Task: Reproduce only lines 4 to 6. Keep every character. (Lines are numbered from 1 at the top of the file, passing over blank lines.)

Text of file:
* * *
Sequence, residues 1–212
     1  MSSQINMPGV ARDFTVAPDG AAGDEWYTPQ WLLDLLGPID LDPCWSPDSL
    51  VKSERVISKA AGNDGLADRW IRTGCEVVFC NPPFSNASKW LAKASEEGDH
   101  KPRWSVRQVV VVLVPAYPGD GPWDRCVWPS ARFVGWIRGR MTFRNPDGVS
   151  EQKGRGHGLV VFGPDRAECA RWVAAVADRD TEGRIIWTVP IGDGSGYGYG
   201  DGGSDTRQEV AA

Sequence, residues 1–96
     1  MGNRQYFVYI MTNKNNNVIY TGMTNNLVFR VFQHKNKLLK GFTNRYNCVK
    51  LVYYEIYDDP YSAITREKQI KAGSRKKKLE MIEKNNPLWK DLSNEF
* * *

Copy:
   101  KPRWSVRQVV VVLVPAYPGD GPWDRCVWPS ARFVGWIRGR MTFRNPDGVS
   151  EQKGRGHGLV VFGPDRAECA RWVAAVADRD TEGRIIWTVP IGDGSGYGYG
   201  DGGSDTRQEV AA